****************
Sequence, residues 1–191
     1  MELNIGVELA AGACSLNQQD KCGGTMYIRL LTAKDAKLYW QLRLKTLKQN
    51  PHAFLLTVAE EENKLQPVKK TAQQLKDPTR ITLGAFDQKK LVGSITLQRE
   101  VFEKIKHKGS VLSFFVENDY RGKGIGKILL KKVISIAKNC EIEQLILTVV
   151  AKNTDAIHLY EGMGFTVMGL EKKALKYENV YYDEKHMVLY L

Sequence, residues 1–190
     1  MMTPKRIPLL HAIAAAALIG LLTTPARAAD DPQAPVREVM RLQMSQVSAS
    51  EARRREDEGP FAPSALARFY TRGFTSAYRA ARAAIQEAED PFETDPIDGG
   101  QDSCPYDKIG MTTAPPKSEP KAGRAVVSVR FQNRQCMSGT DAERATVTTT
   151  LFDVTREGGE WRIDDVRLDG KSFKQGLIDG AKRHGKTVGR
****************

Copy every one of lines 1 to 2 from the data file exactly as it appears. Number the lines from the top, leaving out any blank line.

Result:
Sequence, residues 1–191
     1  MELNIGVELA AGACSLNQQD KCGGTMYIRL LTAKDAKLYW QLRLKTLKQN